Miguel de Cervantes? Don Quixote? Sancho Panza? mr Chesterfield? Johann Wolfgang von Goethe? Joseph Hordern? Anonymous?
You are watching: Tell me who your friends are and i tell you who you are
Would you please discover the provenance the this family of expressions?
Quote Investigator: The more quickly close enhance known to QI appeared in the significant Spanish novel “Don Quixote” through Miguel de Cervantes which showed up in two components published in 1605 and also 1615. The Spanish title to be “Ingenioso Cavallero Don Qvixote de la Mancha” (“Ingenious Gentleman Don Quixote de la Mancha”). The second component in 1615 had the complying with passage using non-standard spelling. The saying was talked by Sancho Panza who was the faithful servant and also squire of the main character Don Quixote. Boldface added to excepts through QI: 1
A qui encaxa bien el refran, dixo Sancho, de dime, con quien andas, dezirte that quien eres . . .
Here is a slightly much longer passage from an English translate into by Charles Jarvis published in 1749. The statement over is consisted of in the calculation below. The expression “your worship” corresponds to Don Quixote in this context: 2
Here, quoth Sancho, the proverb access time right, Tell me your company, and also I will certainly tell you what girlfriend are. If your praise keeps company with those that fast and also watch, what wonder is it that you neither eat no one sleep if you space with them?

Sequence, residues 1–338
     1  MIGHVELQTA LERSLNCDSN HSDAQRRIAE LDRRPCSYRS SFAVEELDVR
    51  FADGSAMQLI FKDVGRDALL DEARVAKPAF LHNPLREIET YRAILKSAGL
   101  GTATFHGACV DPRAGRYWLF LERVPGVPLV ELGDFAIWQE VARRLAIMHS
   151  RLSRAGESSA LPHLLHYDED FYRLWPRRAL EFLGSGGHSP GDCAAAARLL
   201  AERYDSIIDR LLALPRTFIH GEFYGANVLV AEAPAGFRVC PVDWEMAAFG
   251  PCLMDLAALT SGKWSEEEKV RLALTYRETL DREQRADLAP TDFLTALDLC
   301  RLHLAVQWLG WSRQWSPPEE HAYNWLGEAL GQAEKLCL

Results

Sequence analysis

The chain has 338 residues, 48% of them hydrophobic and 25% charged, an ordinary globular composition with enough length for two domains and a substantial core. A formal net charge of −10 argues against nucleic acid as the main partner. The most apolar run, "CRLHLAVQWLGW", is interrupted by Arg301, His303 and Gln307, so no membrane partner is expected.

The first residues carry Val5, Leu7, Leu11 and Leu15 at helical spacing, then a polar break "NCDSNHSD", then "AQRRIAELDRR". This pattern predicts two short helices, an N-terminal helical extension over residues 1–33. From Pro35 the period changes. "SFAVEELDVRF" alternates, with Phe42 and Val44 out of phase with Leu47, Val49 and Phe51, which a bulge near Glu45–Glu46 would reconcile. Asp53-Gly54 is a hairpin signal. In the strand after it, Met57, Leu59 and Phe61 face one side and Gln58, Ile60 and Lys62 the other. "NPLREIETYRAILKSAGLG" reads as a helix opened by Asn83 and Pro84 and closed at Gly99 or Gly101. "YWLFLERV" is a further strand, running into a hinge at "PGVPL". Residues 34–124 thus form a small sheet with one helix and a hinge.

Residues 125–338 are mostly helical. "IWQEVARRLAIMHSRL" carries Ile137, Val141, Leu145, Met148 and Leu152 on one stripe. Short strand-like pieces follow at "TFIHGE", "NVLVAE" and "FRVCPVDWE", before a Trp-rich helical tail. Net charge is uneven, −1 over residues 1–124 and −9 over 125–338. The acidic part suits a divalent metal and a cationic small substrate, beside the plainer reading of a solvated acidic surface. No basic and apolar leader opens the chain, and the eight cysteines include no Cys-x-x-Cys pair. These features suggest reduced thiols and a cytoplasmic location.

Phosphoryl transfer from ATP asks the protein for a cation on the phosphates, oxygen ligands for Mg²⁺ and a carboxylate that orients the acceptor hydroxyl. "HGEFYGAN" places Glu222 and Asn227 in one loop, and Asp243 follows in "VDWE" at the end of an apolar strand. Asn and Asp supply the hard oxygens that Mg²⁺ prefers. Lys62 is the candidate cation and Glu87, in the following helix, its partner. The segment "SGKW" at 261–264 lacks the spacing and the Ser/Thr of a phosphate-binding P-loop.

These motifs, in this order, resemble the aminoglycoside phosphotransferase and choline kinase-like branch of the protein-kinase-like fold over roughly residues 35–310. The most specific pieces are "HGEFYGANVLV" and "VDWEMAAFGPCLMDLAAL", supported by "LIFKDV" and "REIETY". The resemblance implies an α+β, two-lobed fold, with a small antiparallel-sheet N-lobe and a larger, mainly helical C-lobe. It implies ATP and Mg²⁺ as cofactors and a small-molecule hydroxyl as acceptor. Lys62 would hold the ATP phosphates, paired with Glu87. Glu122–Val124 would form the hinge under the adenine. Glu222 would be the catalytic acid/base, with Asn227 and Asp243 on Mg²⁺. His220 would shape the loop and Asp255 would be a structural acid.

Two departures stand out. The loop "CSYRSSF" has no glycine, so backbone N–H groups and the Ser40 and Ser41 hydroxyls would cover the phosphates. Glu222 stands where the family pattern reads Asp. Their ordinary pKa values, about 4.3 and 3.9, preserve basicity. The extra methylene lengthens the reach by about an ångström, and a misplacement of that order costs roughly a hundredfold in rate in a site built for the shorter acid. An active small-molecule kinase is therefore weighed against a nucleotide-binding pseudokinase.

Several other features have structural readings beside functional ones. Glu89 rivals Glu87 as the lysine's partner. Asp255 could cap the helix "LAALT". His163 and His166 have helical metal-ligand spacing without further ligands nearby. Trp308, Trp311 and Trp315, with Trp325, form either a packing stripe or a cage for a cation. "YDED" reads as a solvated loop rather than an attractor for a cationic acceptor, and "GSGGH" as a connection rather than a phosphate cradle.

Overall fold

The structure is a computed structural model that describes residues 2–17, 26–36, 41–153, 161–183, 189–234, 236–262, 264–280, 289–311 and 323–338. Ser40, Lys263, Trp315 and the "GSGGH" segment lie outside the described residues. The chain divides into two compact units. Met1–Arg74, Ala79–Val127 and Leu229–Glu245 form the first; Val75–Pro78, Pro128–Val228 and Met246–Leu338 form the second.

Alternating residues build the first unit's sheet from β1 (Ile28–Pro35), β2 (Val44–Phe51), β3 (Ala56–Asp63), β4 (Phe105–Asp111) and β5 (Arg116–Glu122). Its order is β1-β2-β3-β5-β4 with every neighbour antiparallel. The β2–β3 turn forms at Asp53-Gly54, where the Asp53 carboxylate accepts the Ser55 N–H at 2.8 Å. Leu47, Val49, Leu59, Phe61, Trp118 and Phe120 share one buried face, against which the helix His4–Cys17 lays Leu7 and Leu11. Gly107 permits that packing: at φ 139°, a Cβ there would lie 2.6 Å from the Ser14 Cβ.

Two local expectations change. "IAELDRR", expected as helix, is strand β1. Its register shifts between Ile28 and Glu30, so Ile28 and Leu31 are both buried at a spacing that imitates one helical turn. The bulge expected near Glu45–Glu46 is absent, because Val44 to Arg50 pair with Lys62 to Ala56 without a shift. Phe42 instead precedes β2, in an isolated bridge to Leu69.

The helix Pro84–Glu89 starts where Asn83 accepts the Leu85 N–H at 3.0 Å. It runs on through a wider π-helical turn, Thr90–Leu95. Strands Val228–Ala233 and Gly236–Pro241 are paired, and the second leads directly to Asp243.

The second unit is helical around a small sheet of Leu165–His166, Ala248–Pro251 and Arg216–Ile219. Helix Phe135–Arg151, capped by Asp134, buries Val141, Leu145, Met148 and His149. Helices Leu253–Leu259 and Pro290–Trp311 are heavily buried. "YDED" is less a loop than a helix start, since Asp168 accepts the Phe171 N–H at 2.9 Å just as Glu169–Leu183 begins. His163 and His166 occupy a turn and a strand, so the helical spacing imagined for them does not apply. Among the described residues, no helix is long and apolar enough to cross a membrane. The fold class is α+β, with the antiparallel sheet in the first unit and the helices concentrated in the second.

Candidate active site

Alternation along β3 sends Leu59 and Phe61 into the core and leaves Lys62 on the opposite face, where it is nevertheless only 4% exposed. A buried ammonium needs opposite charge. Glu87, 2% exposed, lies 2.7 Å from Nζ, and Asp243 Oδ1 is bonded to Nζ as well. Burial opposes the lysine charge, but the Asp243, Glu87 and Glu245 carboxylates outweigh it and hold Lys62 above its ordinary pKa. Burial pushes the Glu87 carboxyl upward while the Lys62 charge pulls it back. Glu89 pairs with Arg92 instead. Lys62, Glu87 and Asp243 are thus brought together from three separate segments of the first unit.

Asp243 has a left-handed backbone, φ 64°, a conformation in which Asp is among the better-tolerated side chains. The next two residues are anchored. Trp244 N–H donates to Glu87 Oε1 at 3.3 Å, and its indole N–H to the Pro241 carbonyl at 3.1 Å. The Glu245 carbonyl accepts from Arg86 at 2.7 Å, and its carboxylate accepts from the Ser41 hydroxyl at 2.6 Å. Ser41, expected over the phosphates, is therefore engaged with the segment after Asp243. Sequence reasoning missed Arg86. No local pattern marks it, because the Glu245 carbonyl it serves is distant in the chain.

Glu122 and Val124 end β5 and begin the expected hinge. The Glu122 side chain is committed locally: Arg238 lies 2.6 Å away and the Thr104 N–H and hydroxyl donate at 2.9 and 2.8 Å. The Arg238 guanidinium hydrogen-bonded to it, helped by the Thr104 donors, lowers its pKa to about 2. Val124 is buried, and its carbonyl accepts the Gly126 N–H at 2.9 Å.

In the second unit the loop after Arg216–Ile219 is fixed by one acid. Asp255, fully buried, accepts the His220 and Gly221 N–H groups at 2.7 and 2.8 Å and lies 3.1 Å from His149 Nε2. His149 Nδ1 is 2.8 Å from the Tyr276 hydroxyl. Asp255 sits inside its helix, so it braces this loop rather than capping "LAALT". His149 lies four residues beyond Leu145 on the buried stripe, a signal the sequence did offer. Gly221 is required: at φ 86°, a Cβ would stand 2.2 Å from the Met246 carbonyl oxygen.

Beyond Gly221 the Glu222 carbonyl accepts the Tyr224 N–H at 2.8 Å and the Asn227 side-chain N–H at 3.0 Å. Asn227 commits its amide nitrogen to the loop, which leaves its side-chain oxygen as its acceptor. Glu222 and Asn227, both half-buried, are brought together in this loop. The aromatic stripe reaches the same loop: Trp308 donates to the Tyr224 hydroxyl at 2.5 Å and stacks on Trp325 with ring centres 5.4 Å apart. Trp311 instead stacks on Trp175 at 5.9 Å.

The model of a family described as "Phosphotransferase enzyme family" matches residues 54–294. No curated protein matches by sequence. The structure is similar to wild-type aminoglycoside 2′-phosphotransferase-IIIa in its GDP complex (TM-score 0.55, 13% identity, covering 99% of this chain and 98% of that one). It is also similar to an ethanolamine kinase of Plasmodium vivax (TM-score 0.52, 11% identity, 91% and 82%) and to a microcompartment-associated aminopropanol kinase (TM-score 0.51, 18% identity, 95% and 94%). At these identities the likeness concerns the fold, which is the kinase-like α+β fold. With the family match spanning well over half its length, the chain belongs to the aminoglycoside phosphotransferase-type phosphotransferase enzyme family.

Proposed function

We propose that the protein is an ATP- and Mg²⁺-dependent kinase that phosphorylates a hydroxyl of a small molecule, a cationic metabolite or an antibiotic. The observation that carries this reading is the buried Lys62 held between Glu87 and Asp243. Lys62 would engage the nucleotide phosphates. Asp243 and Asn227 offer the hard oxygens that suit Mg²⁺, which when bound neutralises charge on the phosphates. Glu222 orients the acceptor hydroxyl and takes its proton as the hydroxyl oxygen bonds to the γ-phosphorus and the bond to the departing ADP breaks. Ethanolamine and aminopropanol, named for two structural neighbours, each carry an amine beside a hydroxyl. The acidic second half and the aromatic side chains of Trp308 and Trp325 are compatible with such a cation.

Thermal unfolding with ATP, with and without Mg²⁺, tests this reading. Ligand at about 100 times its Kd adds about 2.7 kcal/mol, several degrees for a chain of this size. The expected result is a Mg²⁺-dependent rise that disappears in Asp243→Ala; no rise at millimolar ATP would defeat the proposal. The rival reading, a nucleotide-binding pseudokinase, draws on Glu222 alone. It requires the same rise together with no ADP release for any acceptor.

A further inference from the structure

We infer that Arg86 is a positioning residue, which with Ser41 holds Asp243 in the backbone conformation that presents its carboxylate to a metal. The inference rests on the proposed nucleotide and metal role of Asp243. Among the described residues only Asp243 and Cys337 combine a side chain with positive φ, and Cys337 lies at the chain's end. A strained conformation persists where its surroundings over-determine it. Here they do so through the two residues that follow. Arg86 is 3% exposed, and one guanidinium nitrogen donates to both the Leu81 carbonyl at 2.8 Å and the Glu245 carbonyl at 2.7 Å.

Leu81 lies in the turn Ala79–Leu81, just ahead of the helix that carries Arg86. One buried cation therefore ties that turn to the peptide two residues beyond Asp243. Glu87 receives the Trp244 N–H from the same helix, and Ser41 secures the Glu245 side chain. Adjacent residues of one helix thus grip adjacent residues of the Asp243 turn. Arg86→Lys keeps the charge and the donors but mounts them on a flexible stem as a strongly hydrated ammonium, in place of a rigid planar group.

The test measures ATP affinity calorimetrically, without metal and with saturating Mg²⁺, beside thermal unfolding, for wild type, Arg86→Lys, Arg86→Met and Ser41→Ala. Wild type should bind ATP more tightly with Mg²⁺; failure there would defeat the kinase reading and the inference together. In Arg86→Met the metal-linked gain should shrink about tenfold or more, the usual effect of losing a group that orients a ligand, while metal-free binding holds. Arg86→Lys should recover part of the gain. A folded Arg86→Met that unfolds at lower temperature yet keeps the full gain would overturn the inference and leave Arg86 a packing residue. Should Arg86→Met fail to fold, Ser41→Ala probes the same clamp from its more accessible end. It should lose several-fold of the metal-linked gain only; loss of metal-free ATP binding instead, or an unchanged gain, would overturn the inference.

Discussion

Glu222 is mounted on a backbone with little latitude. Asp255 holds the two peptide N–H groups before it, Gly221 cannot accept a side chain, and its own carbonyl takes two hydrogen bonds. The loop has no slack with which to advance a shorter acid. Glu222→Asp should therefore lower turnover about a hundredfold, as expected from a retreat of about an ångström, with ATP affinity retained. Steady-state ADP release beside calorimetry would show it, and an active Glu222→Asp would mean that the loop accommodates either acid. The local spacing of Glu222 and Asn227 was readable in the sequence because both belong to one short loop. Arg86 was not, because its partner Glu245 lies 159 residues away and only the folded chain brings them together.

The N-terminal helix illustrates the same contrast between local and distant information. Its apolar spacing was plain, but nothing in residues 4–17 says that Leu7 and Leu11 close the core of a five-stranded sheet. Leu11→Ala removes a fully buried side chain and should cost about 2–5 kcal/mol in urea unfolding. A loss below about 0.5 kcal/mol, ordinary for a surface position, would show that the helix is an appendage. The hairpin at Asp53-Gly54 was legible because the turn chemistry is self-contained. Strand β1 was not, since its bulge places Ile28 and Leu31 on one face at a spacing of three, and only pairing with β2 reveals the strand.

Miguel de Cervantes disclaimed credit for the speak by calling it proverbial; thus, that was already circulating in Spanish before 1615.
Here are added selected citations in chronological order.
The reference job-related “English Proverbs and Proverbial Phrases: A historic Dictionary” by G. L. Apperson consisted of a citation for a thematically related saying that appeared in 1586: 3
Tell me through whom you goest, and also I’ll call thee what she doest.1586: Pettie, tr. Guazzo’s civil Convers., fo. 22
The first English translate in of “Don Quixote” was performed by cutting board Shelton, and the 2 parts appeared in 1612 and also 1620. The phrasing work by Shelton given below differed a little from the later interpretation by translator Charles Jarvis: 4
That fits the Proverb, quoth Sancho, i m sorry sayes, You shall understand the human being by his company: you have beene among the enchanted, and also those that watch and also fast: no marvell thus though you neyther slept no one eat whilest friend were amongst them . . .
In 1683 the publication “Moral instructions of a father To His son Upon His departure for a lengthy Voyage” had a mindful explanation that the adage: 5
Consult Prudence, and she will certainly teach friend to select your Friends, i m sorry is a thing of the greatest consequence; because we obtain generally the Habits and also Passions of those whom us frequent: This to be so famous to our Fore-fathers, the they did not scruple to happen their judgment upon any type of Man as soon as they were once acquainted with the Temper of his Companions; according to this old speak of theirs, Tell me what agency you keep and also I will certainly tell friend what friend are.
In 1709 a didactic publication titled “The royal French Grammar” contained French and also English instances that the saying: 6
Dis moi qui tu hantes, & je te dirai qui tu és.Tell me her Company, and I shall call you that you are.